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JYMS : Journal of Yeungnam Medical Science

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Dae Hyung Woo 4 Articles
A Case of Paragonimiasis Suspected Lung Cancer.
Yeong Ha Ryu, Dae Hyung Woo, Jung Eun Park, Hyun Jung Kim, Kyeong Cheol Shin, Jin Hong Chung, Kwan Ho Lee
Yeungnam Univ J Med. 2010;27(1):69-73.   Published online June 30, 2010
DOI: https://doi.org/10.12701/yujm.2010.27.1.69
  • 1,789 View
  • 5 Download
  • 1 Crossref
AbstractAbstract PDF
A paragonimiasis infestation is caused by the paragonimus species. Paragonimiasis mainly occurs by ingestion of raw or undercooked freshwater crabs or crayfish. In our country, the prevalence of paragonimiasis was high until late 1960s due to eating habits, but after the 1970s the prevalence of the disease has markedly decreased and now the disease is rarely seen. The diagnosis of tuberculosis by Chest X-ray is often confused with pulmonary carcinoma, bacillary and parasitic infections, and chronic mycosis. Pulmonary paragonimiasis must be considered in the differential diagnosis of lung cancer especially in the appropriate clinical setting because effective treatment with praziquantel can be rewarding. We report a case of a 58-year-old woman with pulmonary paragonimiasis that was suspicious for lung cancer, as detected by biopsy.

Citations

Citations to this article as recorded by  
  • A Case of Delayed Diagnosis of Pulmonary Paragonimiasis due to Improvement after Anti-tuberculosis Therapy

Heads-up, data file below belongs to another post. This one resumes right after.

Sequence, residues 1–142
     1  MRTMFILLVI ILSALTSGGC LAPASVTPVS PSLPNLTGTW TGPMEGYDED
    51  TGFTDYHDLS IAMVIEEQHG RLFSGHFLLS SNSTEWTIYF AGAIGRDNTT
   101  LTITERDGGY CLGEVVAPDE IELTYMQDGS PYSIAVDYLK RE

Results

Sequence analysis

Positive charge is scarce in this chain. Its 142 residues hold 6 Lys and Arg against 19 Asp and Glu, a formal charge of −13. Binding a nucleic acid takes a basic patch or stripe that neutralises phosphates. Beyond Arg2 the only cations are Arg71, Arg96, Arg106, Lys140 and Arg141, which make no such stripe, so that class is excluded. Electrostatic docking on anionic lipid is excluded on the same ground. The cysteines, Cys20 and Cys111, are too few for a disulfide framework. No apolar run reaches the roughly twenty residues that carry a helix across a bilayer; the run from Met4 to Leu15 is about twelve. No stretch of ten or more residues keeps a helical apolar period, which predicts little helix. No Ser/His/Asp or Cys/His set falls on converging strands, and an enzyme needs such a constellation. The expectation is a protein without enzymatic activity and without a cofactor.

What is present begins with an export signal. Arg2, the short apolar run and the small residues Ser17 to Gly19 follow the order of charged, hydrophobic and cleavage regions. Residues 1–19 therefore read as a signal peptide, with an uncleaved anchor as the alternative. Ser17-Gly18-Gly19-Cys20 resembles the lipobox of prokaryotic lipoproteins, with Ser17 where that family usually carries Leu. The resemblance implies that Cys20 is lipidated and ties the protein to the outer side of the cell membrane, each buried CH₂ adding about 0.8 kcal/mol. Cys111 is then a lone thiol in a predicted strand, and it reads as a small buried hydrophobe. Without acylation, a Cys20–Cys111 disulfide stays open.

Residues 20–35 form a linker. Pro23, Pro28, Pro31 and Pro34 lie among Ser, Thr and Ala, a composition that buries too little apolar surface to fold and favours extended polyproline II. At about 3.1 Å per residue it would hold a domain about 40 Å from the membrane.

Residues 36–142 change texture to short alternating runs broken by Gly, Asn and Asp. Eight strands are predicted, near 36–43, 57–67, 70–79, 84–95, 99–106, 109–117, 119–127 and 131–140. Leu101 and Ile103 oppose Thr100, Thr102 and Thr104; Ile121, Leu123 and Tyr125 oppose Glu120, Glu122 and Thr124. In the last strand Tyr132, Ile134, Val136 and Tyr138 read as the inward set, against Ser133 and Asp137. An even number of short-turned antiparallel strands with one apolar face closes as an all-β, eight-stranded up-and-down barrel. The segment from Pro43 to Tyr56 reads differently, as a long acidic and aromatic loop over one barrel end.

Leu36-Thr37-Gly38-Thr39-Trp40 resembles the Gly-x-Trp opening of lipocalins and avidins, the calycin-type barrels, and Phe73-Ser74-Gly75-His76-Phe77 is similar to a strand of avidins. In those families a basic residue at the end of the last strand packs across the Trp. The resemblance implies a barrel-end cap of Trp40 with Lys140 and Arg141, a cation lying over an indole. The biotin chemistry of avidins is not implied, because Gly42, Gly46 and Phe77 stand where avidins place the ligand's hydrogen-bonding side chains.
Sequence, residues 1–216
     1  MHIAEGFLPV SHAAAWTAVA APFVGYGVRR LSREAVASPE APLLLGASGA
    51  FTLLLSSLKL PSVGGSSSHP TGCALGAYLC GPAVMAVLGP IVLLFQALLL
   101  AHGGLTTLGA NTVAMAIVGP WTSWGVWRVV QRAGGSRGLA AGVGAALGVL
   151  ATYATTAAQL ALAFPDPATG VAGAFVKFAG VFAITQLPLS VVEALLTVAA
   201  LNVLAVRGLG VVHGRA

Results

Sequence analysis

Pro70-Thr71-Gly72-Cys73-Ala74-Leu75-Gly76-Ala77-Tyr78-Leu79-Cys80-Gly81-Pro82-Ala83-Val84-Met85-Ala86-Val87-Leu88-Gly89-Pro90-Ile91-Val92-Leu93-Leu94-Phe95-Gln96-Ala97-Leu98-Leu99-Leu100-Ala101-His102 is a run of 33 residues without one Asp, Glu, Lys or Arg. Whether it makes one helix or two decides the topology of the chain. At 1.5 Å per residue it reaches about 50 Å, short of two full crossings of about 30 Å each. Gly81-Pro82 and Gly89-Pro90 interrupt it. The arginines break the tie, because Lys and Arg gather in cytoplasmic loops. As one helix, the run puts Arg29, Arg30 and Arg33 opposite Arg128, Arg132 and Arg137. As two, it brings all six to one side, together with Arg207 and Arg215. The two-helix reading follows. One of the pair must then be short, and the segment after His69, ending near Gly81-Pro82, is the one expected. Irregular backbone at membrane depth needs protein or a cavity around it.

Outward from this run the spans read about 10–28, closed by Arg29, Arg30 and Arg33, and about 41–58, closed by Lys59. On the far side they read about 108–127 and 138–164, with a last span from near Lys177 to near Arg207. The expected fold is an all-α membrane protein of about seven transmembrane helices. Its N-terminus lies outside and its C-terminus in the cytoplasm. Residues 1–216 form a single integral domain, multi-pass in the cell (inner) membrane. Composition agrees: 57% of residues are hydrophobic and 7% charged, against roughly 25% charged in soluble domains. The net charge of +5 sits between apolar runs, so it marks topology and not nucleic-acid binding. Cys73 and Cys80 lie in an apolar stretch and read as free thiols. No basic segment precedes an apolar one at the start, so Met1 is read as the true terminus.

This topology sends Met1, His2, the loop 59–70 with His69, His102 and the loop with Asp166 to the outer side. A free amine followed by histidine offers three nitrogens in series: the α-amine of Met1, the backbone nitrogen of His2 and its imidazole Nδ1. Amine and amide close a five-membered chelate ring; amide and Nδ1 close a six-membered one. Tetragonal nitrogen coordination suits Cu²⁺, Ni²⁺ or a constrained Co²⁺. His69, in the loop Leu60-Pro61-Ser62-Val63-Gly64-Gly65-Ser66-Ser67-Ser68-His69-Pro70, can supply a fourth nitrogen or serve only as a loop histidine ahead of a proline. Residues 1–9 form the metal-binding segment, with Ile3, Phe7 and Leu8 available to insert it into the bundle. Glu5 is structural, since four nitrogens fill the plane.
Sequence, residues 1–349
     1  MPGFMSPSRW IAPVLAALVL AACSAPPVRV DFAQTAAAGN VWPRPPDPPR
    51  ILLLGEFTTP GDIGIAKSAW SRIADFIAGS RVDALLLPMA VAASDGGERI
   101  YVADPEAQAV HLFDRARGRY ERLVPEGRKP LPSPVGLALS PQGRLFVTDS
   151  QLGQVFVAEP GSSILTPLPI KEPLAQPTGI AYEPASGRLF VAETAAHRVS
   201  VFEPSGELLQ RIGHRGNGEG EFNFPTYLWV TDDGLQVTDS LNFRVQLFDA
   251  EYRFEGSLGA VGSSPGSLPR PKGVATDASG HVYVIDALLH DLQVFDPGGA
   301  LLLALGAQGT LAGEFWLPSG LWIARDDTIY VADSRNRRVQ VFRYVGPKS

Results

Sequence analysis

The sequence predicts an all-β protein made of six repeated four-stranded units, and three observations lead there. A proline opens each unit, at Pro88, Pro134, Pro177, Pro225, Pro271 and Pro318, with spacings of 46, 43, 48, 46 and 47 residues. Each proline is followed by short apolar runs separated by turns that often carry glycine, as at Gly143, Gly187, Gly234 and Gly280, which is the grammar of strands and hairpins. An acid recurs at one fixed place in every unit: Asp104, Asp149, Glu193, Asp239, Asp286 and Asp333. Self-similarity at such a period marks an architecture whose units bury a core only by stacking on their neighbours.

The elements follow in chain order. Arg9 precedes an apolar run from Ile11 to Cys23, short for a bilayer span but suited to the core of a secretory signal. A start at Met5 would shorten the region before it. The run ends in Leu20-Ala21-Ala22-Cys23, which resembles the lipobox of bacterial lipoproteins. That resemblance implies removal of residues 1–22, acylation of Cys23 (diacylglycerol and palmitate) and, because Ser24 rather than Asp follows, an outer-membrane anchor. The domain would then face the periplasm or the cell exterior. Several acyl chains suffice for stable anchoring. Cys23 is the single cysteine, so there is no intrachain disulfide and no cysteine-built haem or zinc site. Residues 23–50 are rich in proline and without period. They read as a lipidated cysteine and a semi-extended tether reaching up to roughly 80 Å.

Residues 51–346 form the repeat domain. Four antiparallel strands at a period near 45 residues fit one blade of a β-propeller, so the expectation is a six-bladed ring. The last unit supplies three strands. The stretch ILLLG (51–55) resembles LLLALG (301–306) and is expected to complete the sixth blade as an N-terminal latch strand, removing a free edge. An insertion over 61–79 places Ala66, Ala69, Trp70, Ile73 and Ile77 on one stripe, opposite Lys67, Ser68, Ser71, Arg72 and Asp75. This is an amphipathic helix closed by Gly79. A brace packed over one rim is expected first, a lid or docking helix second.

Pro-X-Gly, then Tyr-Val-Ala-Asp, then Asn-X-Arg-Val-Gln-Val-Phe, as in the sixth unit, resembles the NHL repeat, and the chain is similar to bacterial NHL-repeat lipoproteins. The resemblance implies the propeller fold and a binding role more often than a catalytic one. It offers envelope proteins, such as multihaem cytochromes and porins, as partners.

Suhyeon Lee, Yeonsil Yu, Jinyoung An, Jeongmin Lee, Jin-Sung Son, Young Kyung Lee, Sookhee Song, Hyeok Kim, Suhyun Kim
    Tuberculosis and Respiratory Diseases.2014; 77(4): 178.     CrossRef
A Case of Lymphangioleiomyomatosis in Lung.
Jung Eun Park, Hyun Jung Kim, Dae Hyung Woo, Yung Ha Ryu, Kwan Ho Lee, Jin Hong Chung, Kyeong Cheol Shin
Yeungnam Univ J Med. 2010;27(1):63-68.   Published online June 30, 2010
DOI: https://doi.org/10.12701/yujm.2010.27.1.63
  • 1,586 View
  • 3 Download
AbstractAbstract PDF
Lymphangioleiomyomatosis (LAM) is a rare, cystic lung disease that is associated with mutation in the tuberous sclerosis genes, renal angiomyolipomas, lymphatic spread and a remarkable female gender predilection. The pathology of LAM is represented by the proliferation of immature smooth muscle cells in the walls of airways, and venules and lymphatic vessels in the lung. The clinical course of LAM is characterized by progressive dyspnea on exertion, recurrent pneumothorax and collections of chylous fluid. The diagnosis of pulmonary LAM can be made on chest X-ray, a high-resolution CT scan and lung biopsy. We experienced a case of pulmonary lymphangioleiomyomatosis in a 28-years-old female patient who had suffered from progressive dyspnea on exertion, so we report on it along with a brief review of the relevant literature.
A Case of Pulmonary Alveolar Proteinosis.
Dae Hyung Woo, Jung Eun Park, Yung Ha Ryu, Hyun Jung Kim, Kyeong Cheol Shin, Jin Hong Chung, Kwan Ho Lee
Yeungnam Univ J Med. 2010;27(1):57-62.   Published online June 30, 2010
DOI: https://doi.org/10.12701/yujm.2010.27.1.57
  • 1,804 View
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  • 1 Crossref